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What Is APR on a Credit Card?

What Is APR on a Credit Card?
Sheryl Nance-Nash

Sheryl Nance-Nash

Updated November 30, 2021
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When you’re on the hunt for a credit card, few things are as important as the interest rate you will be charged. Called your APR, this determines how much you will have to pay for the money you borrow.Read on to learn more about what APR means for a credit card as well as the different types of APR that exist and the typical rate you’ll pay.

What Is APR?

APR stands for annual percentage rate. It is an annualized representation of your interest rate, or how much interest is charged when you carry a balance on your credit card.This number can be helpful when you’re trying to choose which credit card to apply for. If there was a card with an APR of 13% and another with an APR of 18%, the second card’s higher APR would likely be a deal breaker and, all other things being equal, you would go for the lower rate card. But it also matters how the APR is applied and how it’s calculated.

How Does APR Work?

Every credit card issuer has its own practices, but typically you can expect a grace period, often around 25 days, for new purchases before your APR applies. If you only make purchases and pay off your ending balance each month by the due date, you pay only the amount you owe with no interest. This is the ideal when it comes to how to use credit cards and avoid debt.However, if you can’t pay the bill in full when it arrives, you pay the agreed-upon interest on your outstanding balance. Your APR will depend on your creditworthiness as well as the U.S. prime rate, which banks use to help set rates on consumer lending products. You can generally find the APR on a credit card you have by reading your credit card statement.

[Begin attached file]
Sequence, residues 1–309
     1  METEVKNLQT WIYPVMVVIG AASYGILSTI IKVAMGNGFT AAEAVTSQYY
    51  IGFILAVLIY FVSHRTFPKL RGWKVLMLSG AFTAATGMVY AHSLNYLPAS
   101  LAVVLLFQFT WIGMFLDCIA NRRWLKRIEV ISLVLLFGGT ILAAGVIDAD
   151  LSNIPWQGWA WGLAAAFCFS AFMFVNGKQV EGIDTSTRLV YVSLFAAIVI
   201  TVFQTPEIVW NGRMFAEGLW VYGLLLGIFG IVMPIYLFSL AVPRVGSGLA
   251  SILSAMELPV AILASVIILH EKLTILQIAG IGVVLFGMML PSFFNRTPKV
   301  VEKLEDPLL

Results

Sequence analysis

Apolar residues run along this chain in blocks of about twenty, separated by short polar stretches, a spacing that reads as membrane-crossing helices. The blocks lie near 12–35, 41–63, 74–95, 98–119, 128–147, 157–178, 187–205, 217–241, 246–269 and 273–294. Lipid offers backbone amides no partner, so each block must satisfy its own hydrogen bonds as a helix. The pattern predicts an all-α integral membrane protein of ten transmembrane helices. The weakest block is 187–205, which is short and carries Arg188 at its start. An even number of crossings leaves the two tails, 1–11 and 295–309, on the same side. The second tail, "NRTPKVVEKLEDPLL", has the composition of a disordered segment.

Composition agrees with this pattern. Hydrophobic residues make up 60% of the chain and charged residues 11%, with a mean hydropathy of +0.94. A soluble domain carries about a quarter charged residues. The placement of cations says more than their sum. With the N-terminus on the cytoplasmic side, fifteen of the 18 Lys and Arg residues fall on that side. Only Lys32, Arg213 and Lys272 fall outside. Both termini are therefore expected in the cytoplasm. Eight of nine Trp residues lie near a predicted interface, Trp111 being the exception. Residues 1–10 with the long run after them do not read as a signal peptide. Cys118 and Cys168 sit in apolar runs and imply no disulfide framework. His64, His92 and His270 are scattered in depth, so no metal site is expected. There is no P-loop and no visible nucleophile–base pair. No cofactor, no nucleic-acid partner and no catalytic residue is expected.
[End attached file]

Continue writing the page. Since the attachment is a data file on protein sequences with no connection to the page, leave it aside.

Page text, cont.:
Typical Credit Card APR

According to the credit reporting agency Experian, the average APR for credit cards has been around 14% to 15% since 2018. However, rates can also range much higher than that depending on the type of card and the applicant’s creditworthiness, reaching to a maximum APR of 24% or higher.Rewards cards, for instance, tend to have interest rates on the higher side. According to data from ValuePenguin, the average APR for rewards cards hovers around 19.10%. Airline cards have an even higher average APR at 20.13%.

Fixed APR vs Variable APR

APRs come in two flavors, fixed or variable. Fixed rates aren’t all that common — typically a card’s APR is variable. Knowing the difference is important.

What Is Fixed APR?

Simply put, a fixed APR stays the same. It’s not tied to an index. However, this doesn’t necessarily mean the rate will never change. The difference is that the issuer will likely need to contact you before raising the rate, at which point you can decide to dump the card if the rate is too high.

What Is Variable APR?

Variable rates are the norm with credit cards. With a variable APR, the card’s interest rate can change over time based on an index interest rate, such as the prime rate. When the prime rate changes, it can directly impact the variable rate on credit cards.Pros and Cons of Fixed APR vs Variable APR

Different Types of APR

Just when you’re getting familiar with the difference between a variable and fixed APR, there’s more to learn. Here are the different types of APR you may encounter.

Purchase APR

One type of APR is a purchase APR, which is applied to all purchases you make with your credit card. This is the most common type of interest rate for credit cards.

Balance Transfer APR

Then there’s an APR for a balance transfer, another credit card term with which to familiarize yourself. When you move or transfer a balance from another card onto your credit card, a balance transfer APR applies. You want to be sure you know what the rate is because it’s possible the balance transfer APR is greater than a card’s purchase APR. Inquire before you make a balance transfer.

Penalty APR

If you’re delinquent, meaning you don’t pay the minimum amount due on your credit card for more than 60 days, you may trigger a penalty APR. This APR may be a stiff increase — certainly more than the regular purchase APR — reaching as high as 30%. However, because all credit cards operate a bit differently, your issuer may not have a penalty APR. Read the fine print in your credit card’s terms and conditions to find out.